beyond the local or "slate" domains and thus weld together the diverse territories. 2
This was the case of the original 13 states of the United States of America. The
second case refers to the chain of events which were propelled by the need of a
highly centralized government to dccenLraliw and devolve powers to the local
units, as in the case of Australia.
In Asia, Malaysia developed as a federa!ion of small states in 1963 with a
slightly different rationale. This case merits a closer scrutiny considering that both
Filipinos and Malays have sprung from roughly the same racial and cultural
origins, although the Malays were converted to Islam while the Filipinos were
converted to Christianity. Moreover, each has entirely different colonial
The political history of Malaysia will reveal that federalism is a product of
political impositions by the British colonial administration. There is not much
argument on this point except when the counter-argument is wholly anchored on
social Darwinism or evolutionary theory. But who among the social scientists can
definitely say that social Darwinism is a valid explanation for such basic questions
as Man, Society, and State in Southeast Asia?
At the beginning there were scattered communities, most probably in riverine, as
well as in coastal areas, which sounds almost exactly the same as the history of
pre-Spanish Philippines. With the advent of Islam in Southeast Asia in the 14th
century, wm-e of these enduring communities such as Malacca3 and Brunei were
lslamized and became seats of powerful sultanates. Independent of each other,
these communities were conquered by the British through treaties, diplomacy and
warfare. Brunei, on the other hand, one of the earliest sultanates, was whittled
down to its current size by the activities of the Brookes clan (who also carved
Sarawak) while pretending to be intermediaries for peace between Brunei
Sultanate and the Bugis (who encroached in Sarawak),.and between the Sultanate
and the chartered companies which desired plantations and other business ventures
in North Borneo (Sabah).
The British experimentation on three politico-administrative systems of
governance -Straits Settlements, Federated Malay States (FMS), and the
Unfederated Malay States (UFMS)- became in reality the forerunner of the current
Malaysian federal system.

But it was really the existing small political units of governance- the hereditary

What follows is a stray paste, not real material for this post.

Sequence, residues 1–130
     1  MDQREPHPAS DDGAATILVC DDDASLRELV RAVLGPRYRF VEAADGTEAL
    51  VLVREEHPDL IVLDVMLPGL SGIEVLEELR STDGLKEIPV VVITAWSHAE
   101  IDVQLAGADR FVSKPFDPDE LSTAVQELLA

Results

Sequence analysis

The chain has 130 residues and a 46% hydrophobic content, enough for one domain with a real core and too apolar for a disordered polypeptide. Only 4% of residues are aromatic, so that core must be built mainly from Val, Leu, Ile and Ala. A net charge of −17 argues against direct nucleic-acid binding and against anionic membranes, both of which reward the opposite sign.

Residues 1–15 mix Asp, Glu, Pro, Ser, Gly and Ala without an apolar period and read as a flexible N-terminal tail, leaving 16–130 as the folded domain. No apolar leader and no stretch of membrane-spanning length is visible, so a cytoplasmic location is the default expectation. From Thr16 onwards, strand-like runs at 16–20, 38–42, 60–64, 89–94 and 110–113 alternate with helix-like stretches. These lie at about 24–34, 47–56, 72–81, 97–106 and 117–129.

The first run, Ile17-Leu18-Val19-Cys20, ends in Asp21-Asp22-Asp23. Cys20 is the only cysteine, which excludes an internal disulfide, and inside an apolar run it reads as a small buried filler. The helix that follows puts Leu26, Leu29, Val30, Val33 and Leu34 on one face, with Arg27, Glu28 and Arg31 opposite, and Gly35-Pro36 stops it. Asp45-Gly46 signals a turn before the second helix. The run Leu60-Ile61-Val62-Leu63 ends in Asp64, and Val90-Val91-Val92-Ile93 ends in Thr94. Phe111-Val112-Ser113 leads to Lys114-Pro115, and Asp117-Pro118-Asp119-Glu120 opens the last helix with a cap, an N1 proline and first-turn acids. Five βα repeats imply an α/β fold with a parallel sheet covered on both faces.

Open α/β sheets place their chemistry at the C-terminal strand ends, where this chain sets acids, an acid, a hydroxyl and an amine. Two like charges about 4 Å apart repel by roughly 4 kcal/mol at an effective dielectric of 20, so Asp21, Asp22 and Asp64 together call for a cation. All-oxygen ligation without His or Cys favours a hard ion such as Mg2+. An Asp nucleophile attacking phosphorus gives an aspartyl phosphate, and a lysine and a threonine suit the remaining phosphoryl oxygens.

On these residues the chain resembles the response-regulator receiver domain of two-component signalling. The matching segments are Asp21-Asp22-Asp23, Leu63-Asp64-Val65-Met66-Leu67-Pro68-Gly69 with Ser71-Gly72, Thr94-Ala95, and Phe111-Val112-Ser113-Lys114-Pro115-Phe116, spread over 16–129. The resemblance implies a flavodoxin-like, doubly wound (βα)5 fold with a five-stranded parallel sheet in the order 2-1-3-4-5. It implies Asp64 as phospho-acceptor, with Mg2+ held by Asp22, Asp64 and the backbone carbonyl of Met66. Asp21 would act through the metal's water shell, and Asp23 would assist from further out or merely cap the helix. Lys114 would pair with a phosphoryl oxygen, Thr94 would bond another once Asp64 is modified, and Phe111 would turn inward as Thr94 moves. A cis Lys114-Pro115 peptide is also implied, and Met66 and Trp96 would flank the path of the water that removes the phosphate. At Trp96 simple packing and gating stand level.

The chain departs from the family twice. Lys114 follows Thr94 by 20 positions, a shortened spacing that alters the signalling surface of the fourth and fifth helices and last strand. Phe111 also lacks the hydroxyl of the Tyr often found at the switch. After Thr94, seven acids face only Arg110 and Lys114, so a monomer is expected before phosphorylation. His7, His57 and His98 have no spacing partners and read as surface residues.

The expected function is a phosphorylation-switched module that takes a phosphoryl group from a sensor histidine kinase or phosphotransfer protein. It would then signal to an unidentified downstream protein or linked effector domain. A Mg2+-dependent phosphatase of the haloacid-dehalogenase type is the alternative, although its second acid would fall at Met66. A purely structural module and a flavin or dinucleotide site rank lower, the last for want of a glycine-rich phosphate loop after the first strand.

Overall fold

sultanates - that became the primary basis of federalism. Secondary w this was the
peculiarly distinctive mix of cultures in Malaysia. One such example is that
between Islam
and Thai cultural and racial mix in Trcngganu, Perlis and Kedah as
contradistinguished from Chinese and Malay in Singapore and in Penang. Another
set can be found in the uniquely gcographically~situatcd Sabah and Sarawak which
are in Borneo island. So far, the federal structure has worked well in Malaysia as
evidenced by the socio~economic progress not to mention a good measure of
poJitical stability the country has achieved. The general progress can be taken as a
result of effectively functioning institutions which came about despite the problem
of"ethnic balance" whereby Chinese, Malays and Indians have to work together
regardless of some imbalances and perhaps cross-purposes, e.g., the~ versus the
"immigrant races," etc.
ADVANTAGES. There are several discernible and constantly repeated
arguments in favor of a federal setup in the Philippines. Some of these arguments
include a) diverse ethnolinguistic elements whiCh may or may not coincide wilh
geographic differences; b) archipelagic characteristics that do not allow for
immediate government responses to social probiems and, hence, a unitary
government does not make for effective and economical actions considering time
and budget constraints; and c) it follows the pre-Hispanic polilical situation
whereby scattered barangay units plus the sultanates of Sulu and Maguindanao
existed side bY side.
Diverse Ethnolinguistic and Cultural Elements
Ethnolinguistically, one can find the Filipino really diverse. This could be
explained by the country's archipelagic characteristic which keeps the ish;t'!d
provinces isolated from one another.
Another effect of isolation, lack of contacts resulting from undeveloped transport
and communication systems, is the difference in world views and perceptions. A
Muslim Filipino and a Christian Filipino, for example, would differ in perceptions
about political issues and may be completely contradictory. This is true with a
Filipino from the North (Cordillera) who might have a different impression of a
lowlander. But on a closer scrutiny, this problem of ethnic differences and
perspective-'S is not really alarming, provided that it does not result in

"movements" to separate from the country like the secessionist movement in

Mindanao. It must be pointed out, however, that the perspective of the natives or
aborigines can be taken as reflections of the effectivity of national political
socialization and integration. An efficient-transport and communication system
would play a crucial role in the realization of such goals.
Archipelagic Characteristics
Except for Indonesia and a few other archipelagic nation-states, the Philippines
is perhaps lhe most scattered island territory.

A closer look at some of these islands which lie in proximity to one another
may show that these are populated by one homogeneous ethnolinguistic group. At